Our team are leading practitioners in public and parliamentary law. Acclaimed by legal colleagues and, more importantly, clients, our advice is informed by a detailed knowledge and understanding of government and its processes. We are co-founders of the Scottish Public Law Group, which brings together everyone concerned with the development of public law in Scotland for topical and informed debate.
Our expertise extends from legislative drafting and constitutional questions through to public sector governance and judicial review challenges. We don't just act in Scotland but provide advice in England and Wales, Northern Ireland and the Republic of Ireland. The advice we offer is full, focused and practical.
We regularly provide training for clients on a range of topics incorporating good decision making, judicial review challenges to public bodies, key recent legal measures and a general overview of the Scottish legal system.
They made us feel valued and gave advice that was sensitive to our business needs.
British Land plc
We advised British Land in relation to a judicial review that was raised against Highland Council, the effect of which quashed planning permissions granted in British Land's favour. We advised on the prospects of success and whether or not to enter the process.
We have recently acted for clients in lodging a complaint with the European Commission in respect of breaches of public procurement obligations by a number of local councils resulting in infringement proceedings being raised against the UK under Article 258 of the EU Treaty. In response the UK authorities have introduced measures aimed at rectifying existing infringements and preventing future infringements including early termination of the contract and the issuance of guidance by the Office of Government Commerce to contracting authorities.
Single Electricity Market Committee
We act for the Single Electricity Market Committee, the cross-border regulator of the electricity market on the island of Ireland in defending two concurrent judicial review actions. These have been brought against the regulator by power generators who challenge its decision to prevent an increase in their charges. We are providing regulatory advice in this complex case but are also project-managing it. This helps the case run on an expedited timescale, with the co-ordinated input of a cross-border multi-disciplinary team and ensures information is relayed with the client's project teams in a targeted and timely way.
The Security Industry Authority
We continue to act as sole advisors in Scotland to the Security Industry Authority. We are usually handling around 40 appeals under the Private Security Industry Act 2001 at any one time, together with dealing with a series of more complex cases. These cases involve issues of statutory interpretation and arise out of alleged organised crime in the west of Scotland. These cases are evidentially challenging and have seen our team working closely with both the Police and Crown. They have also posed difficult but important questions in relation to the interpretation of the client's criteria as well as the statute underpinning the client. In addition to advocacy work, we are frequently involved giving strategic advice, and most recently we have played a significant role in advising the SIA on the interplay between the Act and the criteria.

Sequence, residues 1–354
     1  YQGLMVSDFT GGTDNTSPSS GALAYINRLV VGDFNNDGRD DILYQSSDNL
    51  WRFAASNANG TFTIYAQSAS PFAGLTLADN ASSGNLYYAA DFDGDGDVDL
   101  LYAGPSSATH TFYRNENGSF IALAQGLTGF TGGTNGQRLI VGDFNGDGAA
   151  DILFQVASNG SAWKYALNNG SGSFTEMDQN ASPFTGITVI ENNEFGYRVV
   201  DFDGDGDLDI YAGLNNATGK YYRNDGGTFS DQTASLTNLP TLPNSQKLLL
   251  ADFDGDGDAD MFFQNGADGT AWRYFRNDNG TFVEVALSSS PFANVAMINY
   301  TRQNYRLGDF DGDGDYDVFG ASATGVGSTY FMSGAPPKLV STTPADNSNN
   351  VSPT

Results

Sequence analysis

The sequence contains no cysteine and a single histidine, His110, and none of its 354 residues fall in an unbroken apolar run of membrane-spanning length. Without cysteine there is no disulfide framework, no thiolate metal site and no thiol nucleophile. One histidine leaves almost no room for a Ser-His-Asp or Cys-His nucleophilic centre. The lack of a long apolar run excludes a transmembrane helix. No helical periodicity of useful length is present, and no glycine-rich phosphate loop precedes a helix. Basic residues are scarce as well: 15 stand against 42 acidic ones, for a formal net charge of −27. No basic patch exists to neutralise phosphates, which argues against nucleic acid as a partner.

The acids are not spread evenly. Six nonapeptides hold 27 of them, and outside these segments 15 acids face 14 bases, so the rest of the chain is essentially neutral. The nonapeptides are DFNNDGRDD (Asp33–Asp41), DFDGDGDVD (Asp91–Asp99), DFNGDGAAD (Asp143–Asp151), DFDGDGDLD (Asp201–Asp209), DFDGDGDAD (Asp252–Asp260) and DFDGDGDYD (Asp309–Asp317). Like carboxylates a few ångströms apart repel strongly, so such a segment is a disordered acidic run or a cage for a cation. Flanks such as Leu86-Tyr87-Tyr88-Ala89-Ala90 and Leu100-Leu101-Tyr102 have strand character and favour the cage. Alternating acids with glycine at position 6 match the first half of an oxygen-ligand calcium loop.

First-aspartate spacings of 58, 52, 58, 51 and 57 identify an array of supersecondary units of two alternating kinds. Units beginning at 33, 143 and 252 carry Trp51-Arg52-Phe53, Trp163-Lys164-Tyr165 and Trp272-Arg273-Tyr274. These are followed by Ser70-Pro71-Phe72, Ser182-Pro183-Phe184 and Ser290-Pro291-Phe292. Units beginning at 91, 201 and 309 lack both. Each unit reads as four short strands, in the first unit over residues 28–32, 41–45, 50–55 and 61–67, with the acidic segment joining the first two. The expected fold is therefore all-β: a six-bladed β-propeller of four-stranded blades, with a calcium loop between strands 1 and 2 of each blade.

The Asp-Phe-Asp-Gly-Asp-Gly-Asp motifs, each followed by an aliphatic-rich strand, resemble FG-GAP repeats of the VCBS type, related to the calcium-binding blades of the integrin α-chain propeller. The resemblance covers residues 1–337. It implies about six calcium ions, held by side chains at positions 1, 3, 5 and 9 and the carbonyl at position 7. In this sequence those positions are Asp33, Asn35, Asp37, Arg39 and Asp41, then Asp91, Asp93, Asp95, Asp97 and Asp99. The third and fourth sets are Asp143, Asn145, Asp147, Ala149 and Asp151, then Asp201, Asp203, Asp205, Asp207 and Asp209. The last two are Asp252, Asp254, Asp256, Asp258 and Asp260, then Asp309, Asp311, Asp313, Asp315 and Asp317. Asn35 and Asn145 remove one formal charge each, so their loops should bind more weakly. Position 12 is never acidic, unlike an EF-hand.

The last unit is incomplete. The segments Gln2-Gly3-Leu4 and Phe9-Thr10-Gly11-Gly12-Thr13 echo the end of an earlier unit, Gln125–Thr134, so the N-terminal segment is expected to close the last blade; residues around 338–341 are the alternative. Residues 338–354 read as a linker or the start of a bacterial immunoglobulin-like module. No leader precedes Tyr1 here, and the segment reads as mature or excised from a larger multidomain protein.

The following is a selection of our clients:
- Angus Council
- Audit Scotland
- Cairn Energy
- City of Edinburgh Council
- Faculty of Advocates
- Glasgow City Council
- The Law Society of Scotland
- Millar and Bryce
- NHS 24
- Royal and Ancient Golf Club of St Andrews
- Scottish Legal Complaints Commission
- Shetland Islands Council
- Skills Development Scotland
- Standards Commission for Scotland
- The UK Actuarial Profession
- Water Industry Commission for Scotland
Case Study: ScottishPower
In this case we were instructed by ScottishPower to act on their behalf in appealing to the Supreme Court in London against a decision of the Inner House of the Court of Session (the Scottish appeal court) in connection with the Electricity Supply Regulations 1988. The Inner House had held that the Regulations imposed civil liability on utility companies found to be in breach of the Regulations, even in circumstances where there was no negligence. This had very serious consequences for utility companies who faced being liable for damages in situations where there had simply been a technical breach of the Regulations. Given the wide-ranging scope of the Regulations this was a very significant case for the electricity industry as a whole.
This was one of the first Scottish Appeals to the Supreme Court and was conducted within significant time constraints. The Grounds of Appeal had to be lodged within six days of our receiving Leave to Appeal from the Inner House, and we were then given an early diet by the Supreme Court. This meant we had a short period of time in which to prepare the case and lodge all the necessary documentation. The decision was issued in July 2010 and was a resounding win for our client: the bench unanimously upheld ScottishPower's appeal, overturning both the Inner and Outer House decisions in the Court of Session.
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